“Pound for pound, glulam is stronger than steel and has greater strength and stiffness than comparably sized dimensional lumber.”
Inside Megawide’s hip office, an industrial creative space with an easy labyrinthine complexity, Louie Ferrer offers me the best seat in the house ― a classic 1956 Eames Lounge Chair, made of plywood and leather and which has become an icon of modern living. I savor the moment of pure comfort and luxury before going around the whole office floor.
As it is with the Eames, style and function intersect everywhere in Megawide’s executive office in Santolan, from the elegant beam down light in chairman Edgar Saavedra’s room to Louie’s olive-colored angled desk and everything in between.
When it comes to form and function, Saavedra and Ferrer, the young and dapper engineering duo behind Megawide, sure know the real deal. Ferrer is Megawide’s managing director for transportation.
Glued laminated timber
It is therefore no surprise that one of the structural elements the company is famous for is the glulam or glued laminated timber, which can be formed into strong and stylish designs.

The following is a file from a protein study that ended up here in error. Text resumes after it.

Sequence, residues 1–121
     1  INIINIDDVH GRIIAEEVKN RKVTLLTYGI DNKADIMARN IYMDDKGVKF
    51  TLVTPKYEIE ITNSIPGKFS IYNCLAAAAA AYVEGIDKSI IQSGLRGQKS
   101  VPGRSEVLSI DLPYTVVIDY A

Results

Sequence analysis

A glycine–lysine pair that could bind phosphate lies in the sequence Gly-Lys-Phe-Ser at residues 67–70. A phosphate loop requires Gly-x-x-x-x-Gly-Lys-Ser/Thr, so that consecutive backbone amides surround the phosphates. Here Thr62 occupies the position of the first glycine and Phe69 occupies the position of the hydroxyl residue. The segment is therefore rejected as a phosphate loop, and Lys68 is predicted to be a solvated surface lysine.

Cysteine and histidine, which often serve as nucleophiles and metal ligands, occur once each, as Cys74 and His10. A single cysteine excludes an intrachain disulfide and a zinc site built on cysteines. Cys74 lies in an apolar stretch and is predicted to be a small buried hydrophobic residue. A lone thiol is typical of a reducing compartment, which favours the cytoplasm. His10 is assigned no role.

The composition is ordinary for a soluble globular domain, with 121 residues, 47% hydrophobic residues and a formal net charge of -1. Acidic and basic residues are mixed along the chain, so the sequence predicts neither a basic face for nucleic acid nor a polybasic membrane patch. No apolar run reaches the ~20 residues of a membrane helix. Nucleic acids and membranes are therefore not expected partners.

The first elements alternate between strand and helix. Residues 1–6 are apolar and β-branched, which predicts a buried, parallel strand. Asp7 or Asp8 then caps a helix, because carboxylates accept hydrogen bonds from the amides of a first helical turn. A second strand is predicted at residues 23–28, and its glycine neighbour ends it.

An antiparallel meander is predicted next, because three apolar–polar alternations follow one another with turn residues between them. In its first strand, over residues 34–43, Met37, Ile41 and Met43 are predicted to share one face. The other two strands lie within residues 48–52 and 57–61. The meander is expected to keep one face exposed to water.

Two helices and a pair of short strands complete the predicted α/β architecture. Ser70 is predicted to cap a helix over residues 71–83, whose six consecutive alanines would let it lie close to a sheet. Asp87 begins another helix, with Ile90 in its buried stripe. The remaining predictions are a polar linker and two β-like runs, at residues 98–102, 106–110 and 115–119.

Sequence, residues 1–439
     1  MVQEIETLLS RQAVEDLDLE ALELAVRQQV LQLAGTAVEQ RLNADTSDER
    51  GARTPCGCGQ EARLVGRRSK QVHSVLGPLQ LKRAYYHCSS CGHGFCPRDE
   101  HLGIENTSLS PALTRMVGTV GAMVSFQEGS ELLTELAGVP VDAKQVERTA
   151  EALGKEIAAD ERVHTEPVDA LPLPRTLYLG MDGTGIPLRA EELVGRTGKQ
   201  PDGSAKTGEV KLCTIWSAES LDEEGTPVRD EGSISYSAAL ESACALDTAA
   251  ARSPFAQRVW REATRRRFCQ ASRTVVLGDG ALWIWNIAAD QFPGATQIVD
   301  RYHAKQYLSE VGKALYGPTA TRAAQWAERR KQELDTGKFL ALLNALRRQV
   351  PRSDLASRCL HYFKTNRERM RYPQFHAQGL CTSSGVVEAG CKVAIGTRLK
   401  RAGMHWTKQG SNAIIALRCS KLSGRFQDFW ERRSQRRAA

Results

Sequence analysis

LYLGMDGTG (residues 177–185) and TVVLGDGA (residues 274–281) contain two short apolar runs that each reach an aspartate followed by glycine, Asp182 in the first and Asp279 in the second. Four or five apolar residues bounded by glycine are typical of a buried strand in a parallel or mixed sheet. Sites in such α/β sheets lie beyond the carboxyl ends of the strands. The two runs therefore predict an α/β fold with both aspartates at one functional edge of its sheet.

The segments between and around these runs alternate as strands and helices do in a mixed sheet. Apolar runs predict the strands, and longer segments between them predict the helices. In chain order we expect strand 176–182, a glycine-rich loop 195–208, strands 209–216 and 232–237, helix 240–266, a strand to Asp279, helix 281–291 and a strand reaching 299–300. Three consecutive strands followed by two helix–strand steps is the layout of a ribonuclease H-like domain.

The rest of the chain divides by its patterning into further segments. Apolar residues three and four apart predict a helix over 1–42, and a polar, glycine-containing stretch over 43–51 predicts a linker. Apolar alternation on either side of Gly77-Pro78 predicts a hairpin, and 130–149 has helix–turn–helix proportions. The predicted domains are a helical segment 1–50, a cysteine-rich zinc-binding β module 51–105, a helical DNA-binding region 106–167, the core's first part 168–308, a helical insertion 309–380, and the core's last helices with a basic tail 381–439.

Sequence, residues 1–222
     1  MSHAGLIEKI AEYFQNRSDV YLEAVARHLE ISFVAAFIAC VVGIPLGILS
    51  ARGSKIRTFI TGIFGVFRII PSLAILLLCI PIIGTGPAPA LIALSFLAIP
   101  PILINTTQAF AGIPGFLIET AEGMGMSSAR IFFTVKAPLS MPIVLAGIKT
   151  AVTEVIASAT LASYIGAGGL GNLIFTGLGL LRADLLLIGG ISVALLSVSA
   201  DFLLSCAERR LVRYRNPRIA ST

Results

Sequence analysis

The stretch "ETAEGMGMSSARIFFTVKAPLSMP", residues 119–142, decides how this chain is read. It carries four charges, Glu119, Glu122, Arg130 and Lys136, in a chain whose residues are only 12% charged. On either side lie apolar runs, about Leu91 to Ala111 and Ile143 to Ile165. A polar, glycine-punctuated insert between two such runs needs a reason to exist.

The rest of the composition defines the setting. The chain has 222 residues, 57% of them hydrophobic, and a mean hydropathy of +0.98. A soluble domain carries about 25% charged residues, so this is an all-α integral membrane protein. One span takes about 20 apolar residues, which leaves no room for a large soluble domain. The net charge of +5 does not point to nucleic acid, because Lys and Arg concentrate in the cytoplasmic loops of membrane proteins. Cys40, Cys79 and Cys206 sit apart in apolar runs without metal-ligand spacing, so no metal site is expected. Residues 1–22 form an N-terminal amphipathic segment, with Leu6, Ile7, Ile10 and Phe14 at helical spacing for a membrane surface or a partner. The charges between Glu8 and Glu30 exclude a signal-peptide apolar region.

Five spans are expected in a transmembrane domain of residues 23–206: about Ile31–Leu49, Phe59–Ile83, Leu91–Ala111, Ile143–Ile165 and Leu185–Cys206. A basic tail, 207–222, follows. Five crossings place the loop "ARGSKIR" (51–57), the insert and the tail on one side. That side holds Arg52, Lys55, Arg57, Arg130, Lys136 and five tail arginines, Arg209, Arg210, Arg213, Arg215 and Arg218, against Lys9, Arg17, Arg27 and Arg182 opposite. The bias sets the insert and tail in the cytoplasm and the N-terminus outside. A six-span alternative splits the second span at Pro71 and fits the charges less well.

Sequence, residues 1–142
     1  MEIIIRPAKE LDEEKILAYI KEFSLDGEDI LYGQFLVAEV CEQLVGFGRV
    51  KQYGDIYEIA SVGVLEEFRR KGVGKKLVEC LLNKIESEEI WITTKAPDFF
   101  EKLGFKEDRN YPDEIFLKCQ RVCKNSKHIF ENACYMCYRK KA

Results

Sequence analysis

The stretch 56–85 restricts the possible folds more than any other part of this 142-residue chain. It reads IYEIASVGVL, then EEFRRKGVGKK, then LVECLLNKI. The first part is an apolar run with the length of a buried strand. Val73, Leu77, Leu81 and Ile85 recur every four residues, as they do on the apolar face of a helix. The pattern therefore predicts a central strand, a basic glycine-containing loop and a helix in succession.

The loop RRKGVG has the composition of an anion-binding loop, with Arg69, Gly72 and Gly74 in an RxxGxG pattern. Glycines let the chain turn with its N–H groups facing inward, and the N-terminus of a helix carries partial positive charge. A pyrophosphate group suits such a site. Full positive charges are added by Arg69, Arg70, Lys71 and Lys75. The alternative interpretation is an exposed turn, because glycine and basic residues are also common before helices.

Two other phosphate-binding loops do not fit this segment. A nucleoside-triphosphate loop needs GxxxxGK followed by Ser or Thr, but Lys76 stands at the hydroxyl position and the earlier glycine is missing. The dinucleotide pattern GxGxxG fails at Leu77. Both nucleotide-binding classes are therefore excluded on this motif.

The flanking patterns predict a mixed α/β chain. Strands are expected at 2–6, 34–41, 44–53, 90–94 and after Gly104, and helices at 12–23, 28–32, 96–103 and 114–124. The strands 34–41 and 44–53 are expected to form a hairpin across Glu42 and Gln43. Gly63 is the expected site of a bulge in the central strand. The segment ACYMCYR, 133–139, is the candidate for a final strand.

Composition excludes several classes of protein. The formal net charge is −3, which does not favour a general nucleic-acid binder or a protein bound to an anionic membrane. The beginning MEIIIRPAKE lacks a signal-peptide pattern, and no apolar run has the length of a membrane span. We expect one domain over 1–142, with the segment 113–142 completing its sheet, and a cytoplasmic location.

In industry parlance, glulam is a stress-rated engineered wood beam composed of wood laminations, or “lams,” that are bonded together with moisture-resistant and strong structural adhesives.
“Pound for pound, glulam is stronger than steel and has greater strength and stiffness than comparably sized dimensional lumber. Increased design values, improved product performance, and cost competitiveness make glulam the superior choice for projects from simple beams and headers in residential construction to soaring arches for domed roofs spanning more than 500 feet,” according to the Engineered Wood Association, a US-based trade group.
It is versatile, from simple to curved, from straight to complex.
Megawide’s approach to design
Given Edgar’s and Louie’s passion for quality furniture and functional structures, Megawide’s character shows in its design philosophy, which Edgar describes to be “as honest as possible.”
“We always seek to keep our structures as honest as possible… When we say honest, we mean we don’t have to paint or clad or embellish a building too much ― as much as possible, keep it bare and clean,” he tells Property Report.
Megawide’s architect Winston Shu coined the term.
“The barer something is, the more honest it is, the more natural it comes across,” Edgar says.
“Comfort and function are key,” he adds.
Mactan-Cebu International Airport
Guided by this design philosophy, Megawide built the Mactan Cebu International Airport (MCIA) with wood as a big part of its structural elements.